Let There Be LightSunday ReadingsPodcast of the Sunday Readings Sunday Bible Study QuestionsVideo Reflections Lecturas y Comentarios New American BiblePrayer of the HoursBQ: Do Catholics "worship" Mary as we do Jesus?
Third Sunday in Advent, Dec. 11, 2011 (3AdvB)
By Fr. John Foley, S. J.
When you have been walking in the dark for a long time, even a speck of light changes everything.
In certain circumstances darkness can terrify us, consume us. But the right kind of dark can give us peace, can let us relax. A night of sleep, for instance; or a “lovely soft day,” as the Irish call a shady, rainy time.
I have seen both the frightening and the soothing night, and at Advent time I crave for the latter. One experience from a long time ago gives me a model, or at least a metaphor. I was fortunate to be in Hawaii at the time, working hard of course. A brother Jesuit and I decided to climb all the way up the side of the volcanic mountain on Maui—with a guide, I am happy to say—and then back down into the crater itself. But no one had mentioned the great dark cave we were slated to enter.
It was actually a “lava tube,” formed when a huge lava stream began to cool and harden on its outside, but kept flowing on the inside until it was empty. We entered obediently and wound around a bit until there was no morsel of light possible except for an electric light bulb that the guide had turned on ahead of time.
Then he turned it off. With a kind warning, but still, off. There were perhaps a dozen of us in the cave, and our movement and our nervous talk hushed simultaneously. Deep, unrelieved darkness nestled around everything including us. Eyes open, eyes closed, it was all the same.
The guide finally whispered that he was about to turn on the bulb, and you might think we were relieved to hear it. But many of us responded by saying “no, no, leave it off. Give us more time.” So we sat, together but unseeing, consoled by the deepness of the absolute dark. When the tiny bulb finally lit again, the spell was broken and once again eyesight ruled.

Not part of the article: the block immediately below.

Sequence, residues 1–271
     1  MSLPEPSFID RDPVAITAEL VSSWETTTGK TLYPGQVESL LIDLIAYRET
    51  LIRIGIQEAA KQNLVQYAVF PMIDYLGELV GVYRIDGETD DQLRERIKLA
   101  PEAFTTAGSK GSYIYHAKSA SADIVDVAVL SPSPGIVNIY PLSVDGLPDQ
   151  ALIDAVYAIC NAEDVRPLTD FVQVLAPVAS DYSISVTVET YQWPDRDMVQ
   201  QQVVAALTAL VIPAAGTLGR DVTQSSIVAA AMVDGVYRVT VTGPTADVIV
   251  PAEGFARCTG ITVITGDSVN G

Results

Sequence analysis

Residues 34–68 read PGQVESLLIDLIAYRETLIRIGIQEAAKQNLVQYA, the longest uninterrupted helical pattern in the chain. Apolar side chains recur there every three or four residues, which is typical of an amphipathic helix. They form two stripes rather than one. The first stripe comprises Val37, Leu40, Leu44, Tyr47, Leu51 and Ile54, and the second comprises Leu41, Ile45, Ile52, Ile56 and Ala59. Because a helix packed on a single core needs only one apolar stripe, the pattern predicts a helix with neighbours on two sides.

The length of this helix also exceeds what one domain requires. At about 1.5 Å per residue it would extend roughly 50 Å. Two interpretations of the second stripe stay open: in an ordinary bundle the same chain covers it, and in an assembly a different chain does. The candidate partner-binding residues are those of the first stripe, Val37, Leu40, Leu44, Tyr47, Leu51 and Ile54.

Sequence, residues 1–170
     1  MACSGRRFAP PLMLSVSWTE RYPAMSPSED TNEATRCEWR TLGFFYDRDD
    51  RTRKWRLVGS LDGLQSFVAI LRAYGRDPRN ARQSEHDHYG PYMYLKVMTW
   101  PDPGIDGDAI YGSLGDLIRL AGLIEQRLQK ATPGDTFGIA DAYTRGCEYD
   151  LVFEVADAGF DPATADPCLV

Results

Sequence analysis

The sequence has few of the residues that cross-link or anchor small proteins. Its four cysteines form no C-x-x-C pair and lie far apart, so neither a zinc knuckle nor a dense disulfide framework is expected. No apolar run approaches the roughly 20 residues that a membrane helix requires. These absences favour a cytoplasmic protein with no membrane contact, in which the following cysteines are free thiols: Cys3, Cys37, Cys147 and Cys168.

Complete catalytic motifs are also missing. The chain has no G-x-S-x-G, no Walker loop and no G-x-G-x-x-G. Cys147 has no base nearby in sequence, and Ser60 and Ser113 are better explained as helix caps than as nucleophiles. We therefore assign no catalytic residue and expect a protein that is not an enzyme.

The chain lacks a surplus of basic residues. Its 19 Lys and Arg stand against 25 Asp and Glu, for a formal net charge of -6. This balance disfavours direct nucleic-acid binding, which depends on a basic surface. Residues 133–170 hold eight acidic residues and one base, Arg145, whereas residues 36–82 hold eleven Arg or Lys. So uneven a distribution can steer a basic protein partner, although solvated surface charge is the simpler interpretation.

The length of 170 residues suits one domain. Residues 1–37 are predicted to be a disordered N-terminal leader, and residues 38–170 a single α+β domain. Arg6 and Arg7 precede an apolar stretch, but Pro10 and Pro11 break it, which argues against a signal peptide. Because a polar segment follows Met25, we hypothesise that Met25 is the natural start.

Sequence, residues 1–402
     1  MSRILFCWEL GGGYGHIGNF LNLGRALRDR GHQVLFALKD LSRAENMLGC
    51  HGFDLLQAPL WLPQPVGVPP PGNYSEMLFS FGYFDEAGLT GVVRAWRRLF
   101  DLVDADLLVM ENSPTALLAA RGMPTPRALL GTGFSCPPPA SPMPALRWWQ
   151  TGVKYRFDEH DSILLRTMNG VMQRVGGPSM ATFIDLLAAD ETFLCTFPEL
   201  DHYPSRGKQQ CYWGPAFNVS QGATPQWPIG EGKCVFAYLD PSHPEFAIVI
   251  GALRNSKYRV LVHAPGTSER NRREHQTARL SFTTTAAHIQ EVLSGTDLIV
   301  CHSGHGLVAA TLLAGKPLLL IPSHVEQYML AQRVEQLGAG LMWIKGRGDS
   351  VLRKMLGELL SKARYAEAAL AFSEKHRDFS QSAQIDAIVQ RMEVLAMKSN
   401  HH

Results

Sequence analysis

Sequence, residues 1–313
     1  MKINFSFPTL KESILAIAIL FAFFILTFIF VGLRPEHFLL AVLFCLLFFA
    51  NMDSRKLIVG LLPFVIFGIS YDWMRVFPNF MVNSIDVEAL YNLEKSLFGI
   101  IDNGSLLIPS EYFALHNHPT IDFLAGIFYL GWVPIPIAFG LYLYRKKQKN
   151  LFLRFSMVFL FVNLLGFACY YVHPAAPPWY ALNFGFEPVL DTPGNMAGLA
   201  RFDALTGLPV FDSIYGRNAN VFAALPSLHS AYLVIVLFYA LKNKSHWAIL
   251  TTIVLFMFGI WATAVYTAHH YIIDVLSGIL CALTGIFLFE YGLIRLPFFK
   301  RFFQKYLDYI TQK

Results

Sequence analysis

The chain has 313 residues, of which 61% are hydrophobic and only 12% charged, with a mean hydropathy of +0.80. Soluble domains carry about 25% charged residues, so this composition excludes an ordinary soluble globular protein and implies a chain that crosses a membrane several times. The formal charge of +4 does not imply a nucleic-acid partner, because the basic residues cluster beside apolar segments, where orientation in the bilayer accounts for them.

It seems that sometimes darkness is a container for what we call light, a resting place where the batteries can re-charge, where our eyes can recover from their assumption that the daylight world is ordinary, usual, and just a tool we can use. If we ever grasped the really miraculous nature of light, we would be amazed and even stricken by the sheer gift that it is. In the tube/cave, my eyes could rest and change worlds for a while. The daylight looked much different after that.
What are your experiences of darkness? Maybe they are the opposite of quiet. Maybe terror is their name. If so, know that, however gloomy it may be, there is still, always, the promise of light. The smallest light conquers darkness cannot be quenched.
But perhaps you have found, at least sometimes, the comfort that quiet night can be, a time for rest, to make us ready to behold the light however slight it may be. If so, you know already the experience of Advent. In Sunday's Gospel, the people are hungry for daylight. “Are you the light?” they shouted to John. Will you “bring glad tidings to the poor, heal the brokenhearted, proclaim liberty to the captives and release the prisoners” (First Reading)?
No, he replied, “I am pointing you toward the light. He will be here soon.” . . . Let the dark console you and prepare you for the tiny speck of light that illuminates the world.